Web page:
by Daron Dickens
I am obsessed with the topic of change. As a marriage and family therapist and pastor for 20 years it is intertwined with my daily life. For a while, I even wanted to change my job description to change agent. The reason I didn’t was because change is not always looked on in a positive light. In fact, many would say change is very scary for them. Unfortunately, both my spiritual gifts assessment and personality profile say that the thing that irritates me most is when people don’t accept change as fast, as I think they should. In therapy terms, we call these people “resistant.” In the church world they’re called “Christians” (just joking . . . kind of). Ultimately, regardless of where you’re coming from, change is an inevitability of life. What’s more, your body and mind were created to change constantly at a molecular level. One could make the case that without change there is no health.
One of the best tools for embracing and understanding how change works is Prochaska’s Stages of Change taken from his book, Changing for Good, based on his extensive research into the subject. Below is a brief summary of each of his stages as well as a question to use to help approach the person in each stage. Whether you are a teacher, volunteer, parent or practically anybody else, I hope this will be beneficial as you tackle the topic of change.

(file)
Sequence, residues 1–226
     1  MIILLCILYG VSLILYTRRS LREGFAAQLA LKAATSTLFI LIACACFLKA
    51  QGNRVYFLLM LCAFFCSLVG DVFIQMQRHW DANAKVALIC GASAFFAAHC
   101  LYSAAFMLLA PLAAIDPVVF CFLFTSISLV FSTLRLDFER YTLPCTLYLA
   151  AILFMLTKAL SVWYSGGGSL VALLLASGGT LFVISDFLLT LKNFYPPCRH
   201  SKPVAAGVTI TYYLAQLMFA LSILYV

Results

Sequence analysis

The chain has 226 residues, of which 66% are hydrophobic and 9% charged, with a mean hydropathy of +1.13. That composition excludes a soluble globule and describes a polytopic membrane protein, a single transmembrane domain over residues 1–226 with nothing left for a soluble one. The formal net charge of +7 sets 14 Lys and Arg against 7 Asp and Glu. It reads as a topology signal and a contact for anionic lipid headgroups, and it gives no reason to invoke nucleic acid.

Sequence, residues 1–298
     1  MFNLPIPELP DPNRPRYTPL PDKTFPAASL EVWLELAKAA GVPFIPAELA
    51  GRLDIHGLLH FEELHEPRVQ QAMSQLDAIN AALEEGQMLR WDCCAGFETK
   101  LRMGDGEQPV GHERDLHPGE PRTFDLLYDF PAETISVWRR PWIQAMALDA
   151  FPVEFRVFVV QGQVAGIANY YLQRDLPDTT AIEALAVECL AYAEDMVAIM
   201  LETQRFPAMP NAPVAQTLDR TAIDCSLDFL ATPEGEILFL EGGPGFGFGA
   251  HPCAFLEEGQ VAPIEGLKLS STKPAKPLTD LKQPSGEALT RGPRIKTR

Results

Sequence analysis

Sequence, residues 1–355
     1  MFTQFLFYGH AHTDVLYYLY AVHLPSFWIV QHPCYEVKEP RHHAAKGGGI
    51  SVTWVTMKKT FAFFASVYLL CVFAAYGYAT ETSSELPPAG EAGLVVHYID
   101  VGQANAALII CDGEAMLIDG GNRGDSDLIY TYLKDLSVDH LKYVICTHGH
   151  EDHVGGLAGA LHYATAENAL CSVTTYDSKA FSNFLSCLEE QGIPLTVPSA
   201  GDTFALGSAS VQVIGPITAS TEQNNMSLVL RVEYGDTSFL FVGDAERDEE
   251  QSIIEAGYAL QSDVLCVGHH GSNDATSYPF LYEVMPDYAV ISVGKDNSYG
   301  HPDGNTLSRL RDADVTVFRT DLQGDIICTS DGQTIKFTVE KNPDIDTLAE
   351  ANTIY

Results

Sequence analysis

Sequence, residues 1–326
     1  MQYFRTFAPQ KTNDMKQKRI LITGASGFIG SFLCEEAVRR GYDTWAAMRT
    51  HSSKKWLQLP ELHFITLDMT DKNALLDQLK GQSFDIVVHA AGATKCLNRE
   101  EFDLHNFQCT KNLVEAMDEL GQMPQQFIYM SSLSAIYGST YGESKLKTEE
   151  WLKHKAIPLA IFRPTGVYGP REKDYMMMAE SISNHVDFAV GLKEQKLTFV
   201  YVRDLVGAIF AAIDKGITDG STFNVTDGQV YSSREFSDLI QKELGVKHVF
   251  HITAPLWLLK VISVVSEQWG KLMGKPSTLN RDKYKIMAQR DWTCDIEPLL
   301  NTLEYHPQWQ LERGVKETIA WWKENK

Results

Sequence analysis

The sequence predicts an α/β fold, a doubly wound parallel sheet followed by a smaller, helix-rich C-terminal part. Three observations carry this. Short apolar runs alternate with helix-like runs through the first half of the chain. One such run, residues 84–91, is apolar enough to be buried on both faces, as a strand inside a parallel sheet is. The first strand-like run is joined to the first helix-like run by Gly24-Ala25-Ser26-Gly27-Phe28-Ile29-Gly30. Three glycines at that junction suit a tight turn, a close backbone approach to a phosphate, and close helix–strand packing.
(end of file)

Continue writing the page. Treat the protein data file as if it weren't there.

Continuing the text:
Pre-Contemplative, the Window Shopper
A pre-contemplative person isn’t sure that there even is a problem. Much like a person that is window shopping, they’re not sure if they need any new clothes let alone whether they want to go into the store. If you were to go outside as a shop clerk and ask them if they needed help, they would run away from you as fast as they could. It’s the same with someone in the pre-contemplative stage. They may acknowledge that there’s a problem in general, but certainly not with them. If you asked them to work on the problem they would disconnect and might even become belligerent. When approaching people in this stage it is best just to help them reflect on the problem. I often see adolescents in this stage in therapy. Trying to convince them that they have a problem and need to work on it does nothing but make you tired.